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Thursday, October 11, 2012

Do laptops impact positively or negatively on classes and students?

I've been meaning to read this Techdirt  piece of an interesting empirical research on the impact of laptops in classrooms (by Professor Kim Novak Morse of Saint Louis University School of Law) and finally got round to it. It sheds some interesting results on this somewhat painful subject:
  • Roughly  69% of first years, 50% of second-years  and 82% of third-years, were not distracted because of their laptops, and concentrated on the lesson at hand.  
  • No correlation was found between distracted student laptop usage and final course grade. Either they absorbed the relevant material much quicker than the lecturer thought, or they learned outside the framework of the lesson. 
  • Students who are laptop users tend to get distracted when the lecturer is monotonous (suprise!); When the same activity is being carried for more than 4 minutes; When the professor talks to one student or approaches students by a known order; When the lesson reaches the 40 minutes mark. 
  • Students who are laptop users tend to re-focus when The lecturer provides definitions, summaries, conclusions, exams references or stresses; When they are asked to turn their attention to a new item in the study material; When the lecturer  intentionally CHANGES INTONATIONS; When the lecturer provides information by a Q&A/Problem solving process directed at the entire class; When the lecturer does not spend more than 4 minutes on a single teaching process (processes can be - provision of information, questions,  usage of different teaching aids - books, presentations, movies, etc); When the lecturer moves around the "students' space" of the lecturing hall/class;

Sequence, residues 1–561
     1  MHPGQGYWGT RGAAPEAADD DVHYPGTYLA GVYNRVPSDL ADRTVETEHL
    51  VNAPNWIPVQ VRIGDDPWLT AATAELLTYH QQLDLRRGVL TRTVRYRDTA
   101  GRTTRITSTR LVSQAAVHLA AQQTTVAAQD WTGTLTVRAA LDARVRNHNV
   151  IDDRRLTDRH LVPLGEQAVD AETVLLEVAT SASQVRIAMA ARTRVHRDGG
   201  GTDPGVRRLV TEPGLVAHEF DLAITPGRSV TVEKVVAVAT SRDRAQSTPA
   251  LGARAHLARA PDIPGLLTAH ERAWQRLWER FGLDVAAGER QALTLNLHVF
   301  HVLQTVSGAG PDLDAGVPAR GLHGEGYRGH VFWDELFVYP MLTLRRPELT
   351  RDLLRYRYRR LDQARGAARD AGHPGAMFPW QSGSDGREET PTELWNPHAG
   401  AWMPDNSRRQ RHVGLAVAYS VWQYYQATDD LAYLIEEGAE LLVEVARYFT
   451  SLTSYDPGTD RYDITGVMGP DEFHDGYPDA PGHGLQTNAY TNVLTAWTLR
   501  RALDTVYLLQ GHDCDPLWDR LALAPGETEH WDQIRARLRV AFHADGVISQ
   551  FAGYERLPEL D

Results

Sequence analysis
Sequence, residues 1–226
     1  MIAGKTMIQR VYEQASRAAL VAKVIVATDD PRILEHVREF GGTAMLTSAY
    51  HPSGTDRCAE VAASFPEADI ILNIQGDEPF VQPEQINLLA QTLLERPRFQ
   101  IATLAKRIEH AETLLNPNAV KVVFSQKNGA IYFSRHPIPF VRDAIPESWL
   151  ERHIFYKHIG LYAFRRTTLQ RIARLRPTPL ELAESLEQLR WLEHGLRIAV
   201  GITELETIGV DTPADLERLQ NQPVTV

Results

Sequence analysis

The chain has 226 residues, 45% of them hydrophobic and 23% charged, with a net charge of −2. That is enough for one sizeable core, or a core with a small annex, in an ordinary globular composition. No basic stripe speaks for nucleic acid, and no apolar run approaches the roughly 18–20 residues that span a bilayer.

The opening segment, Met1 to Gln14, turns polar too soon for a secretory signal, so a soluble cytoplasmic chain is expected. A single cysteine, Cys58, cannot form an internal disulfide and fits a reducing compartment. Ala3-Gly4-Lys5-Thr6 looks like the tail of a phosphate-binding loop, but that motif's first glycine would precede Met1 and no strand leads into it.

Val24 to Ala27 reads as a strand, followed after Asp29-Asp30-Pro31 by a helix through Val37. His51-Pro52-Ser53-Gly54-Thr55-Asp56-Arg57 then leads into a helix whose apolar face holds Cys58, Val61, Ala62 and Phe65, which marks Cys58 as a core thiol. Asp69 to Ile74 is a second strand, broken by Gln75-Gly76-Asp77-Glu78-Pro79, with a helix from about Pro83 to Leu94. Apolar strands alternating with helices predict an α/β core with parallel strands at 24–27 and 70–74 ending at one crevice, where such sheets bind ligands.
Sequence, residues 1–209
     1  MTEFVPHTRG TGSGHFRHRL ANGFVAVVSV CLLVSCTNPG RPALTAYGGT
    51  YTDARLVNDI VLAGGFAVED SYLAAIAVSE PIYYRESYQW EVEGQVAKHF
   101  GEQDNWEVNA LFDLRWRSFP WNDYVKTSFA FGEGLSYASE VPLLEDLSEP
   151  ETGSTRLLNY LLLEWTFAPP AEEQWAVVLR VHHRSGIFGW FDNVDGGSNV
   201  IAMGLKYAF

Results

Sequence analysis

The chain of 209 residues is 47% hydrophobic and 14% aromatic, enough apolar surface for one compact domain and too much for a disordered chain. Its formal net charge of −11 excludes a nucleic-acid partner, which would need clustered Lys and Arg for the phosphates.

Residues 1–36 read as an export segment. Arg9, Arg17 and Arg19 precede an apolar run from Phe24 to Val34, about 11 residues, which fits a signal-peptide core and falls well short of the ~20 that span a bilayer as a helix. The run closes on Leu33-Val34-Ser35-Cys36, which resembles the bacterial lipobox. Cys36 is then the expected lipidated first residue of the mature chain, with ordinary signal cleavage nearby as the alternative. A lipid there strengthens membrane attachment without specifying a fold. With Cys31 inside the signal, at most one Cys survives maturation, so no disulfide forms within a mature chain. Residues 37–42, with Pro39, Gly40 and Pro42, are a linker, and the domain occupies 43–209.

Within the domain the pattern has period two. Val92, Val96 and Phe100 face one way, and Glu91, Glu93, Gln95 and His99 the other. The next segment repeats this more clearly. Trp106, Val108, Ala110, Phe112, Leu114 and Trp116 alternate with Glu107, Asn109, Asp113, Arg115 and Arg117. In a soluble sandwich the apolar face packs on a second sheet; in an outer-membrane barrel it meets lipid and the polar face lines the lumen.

As a firm believer in the importance of computers to the learning process, I think this is stuff any teacher should know. 

Interestingly enough, it seems that the research did not refer to the usage of humor in teaching. My personal experience has taught me time and again that humor is one of the most powerful tools a teacher can have. Sadly, humor is not something that can be taught.